Frequency of undetected glove perforation and associated risk factors in equine surgery

Yvonne Elce, Sheila Laverty, Eduardo Almeida da Silveira, Perrine Piat, Pierre Trencart, Pavlina Ruzickova, Richard Reardon

Research output: Contribution to journalArticlepeer-review


Objective To estimate the frequency of undetected perforations in surgical gloves during equine surgery and to identify risk factors associated with occurrence.
Study Design Observational cohort study.
Sample Population Surgical gloves—292 pairs.
Methods Water leak tests were performed on gloves after equine surgery to detect perforations. Fifty pairs of unused gloves were also tested. Potential risk factors were recorded. Logistic regression was used to explore associations between putative risk factors and perforation.
Results No perforations were detected in the unused gloves. Of 292 pairs of used gloves tested, 80 (27%) had at least one glove perforation per pair. The frequency of perforations was not different between surgery diplomates and residents (P=.69). The length and type of surgery were significantly associated with the likelihood of undetected glove perforation with surgeries longer than 60 minutes approximately 2.5 times more likely to result in glove perforation (P=.005). Surgery classified as soft tissue, orthopedic or exploratory celiotomy was 3 times more likely to result in glove perforation than minimally invasive surgery. The perforations occurred significantly more frequently in the nondominant hand (19%) than the dominant hand (11%) (P=.009).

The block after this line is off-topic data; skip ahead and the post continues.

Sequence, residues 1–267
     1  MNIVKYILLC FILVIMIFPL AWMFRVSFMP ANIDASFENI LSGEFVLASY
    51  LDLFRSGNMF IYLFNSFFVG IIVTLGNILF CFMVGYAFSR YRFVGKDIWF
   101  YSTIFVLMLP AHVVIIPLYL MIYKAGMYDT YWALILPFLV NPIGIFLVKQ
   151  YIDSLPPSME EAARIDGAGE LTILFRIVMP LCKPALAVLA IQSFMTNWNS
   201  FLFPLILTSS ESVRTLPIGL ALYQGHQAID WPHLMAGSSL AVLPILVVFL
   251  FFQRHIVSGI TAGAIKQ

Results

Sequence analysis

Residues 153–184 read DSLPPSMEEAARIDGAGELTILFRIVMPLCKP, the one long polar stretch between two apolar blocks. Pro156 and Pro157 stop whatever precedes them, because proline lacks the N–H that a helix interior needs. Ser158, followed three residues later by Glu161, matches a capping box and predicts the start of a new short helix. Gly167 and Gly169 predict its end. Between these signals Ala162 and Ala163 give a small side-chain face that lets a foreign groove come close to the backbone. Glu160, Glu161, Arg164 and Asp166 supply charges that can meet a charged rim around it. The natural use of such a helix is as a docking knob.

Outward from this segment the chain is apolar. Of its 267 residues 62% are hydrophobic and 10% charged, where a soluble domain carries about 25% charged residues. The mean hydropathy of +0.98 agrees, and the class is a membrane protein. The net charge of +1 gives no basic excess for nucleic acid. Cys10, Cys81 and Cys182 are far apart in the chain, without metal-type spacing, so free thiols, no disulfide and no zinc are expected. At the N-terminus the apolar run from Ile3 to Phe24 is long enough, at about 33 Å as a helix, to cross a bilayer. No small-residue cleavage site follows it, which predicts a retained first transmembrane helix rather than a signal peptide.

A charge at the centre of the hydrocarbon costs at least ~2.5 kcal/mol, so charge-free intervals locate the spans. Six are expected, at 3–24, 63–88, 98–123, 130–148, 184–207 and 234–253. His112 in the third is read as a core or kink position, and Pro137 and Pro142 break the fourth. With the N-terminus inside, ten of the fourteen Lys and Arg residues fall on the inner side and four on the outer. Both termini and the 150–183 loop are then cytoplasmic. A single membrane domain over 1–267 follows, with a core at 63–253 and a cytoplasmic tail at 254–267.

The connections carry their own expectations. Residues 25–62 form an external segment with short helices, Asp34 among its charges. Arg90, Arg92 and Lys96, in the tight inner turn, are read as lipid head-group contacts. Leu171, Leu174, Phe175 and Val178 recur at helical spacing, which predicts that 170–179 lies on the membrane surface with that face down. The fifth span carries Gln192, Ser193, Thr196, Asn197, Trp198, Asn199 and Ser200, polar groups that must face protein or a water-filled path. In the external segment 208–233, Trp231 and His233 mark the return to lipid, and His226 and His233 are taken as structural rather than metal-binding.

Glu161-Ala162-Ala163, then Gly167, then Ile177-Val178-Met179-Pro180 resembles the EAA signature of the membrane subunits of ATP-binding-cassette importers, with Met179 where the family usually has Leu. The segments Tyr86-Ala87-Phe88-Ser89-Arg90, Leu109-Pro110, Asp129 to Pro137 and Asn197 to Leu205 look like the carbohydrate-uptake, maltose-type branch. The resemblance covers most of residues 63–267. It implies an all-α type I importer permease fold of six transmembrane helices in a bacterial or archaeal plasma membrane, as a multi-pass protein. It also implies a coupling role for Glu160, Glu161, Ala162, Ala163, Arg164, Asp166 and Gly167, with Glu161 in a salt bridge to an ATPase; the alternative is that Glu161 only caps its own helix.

Conclusion There is a high occurrence of undetected glove perforation in equine surgery. Precautions can be suggested based on this study although further investigation is required to assess whether glove perforations are associated with surgical site infections.
Original languageEnglish
Pages (from-to)1066-1070
JournalVeterinary Surgery
Issue number8
Early online date29 Sep 2016
Publication statusPublished - 2 Nov 2016


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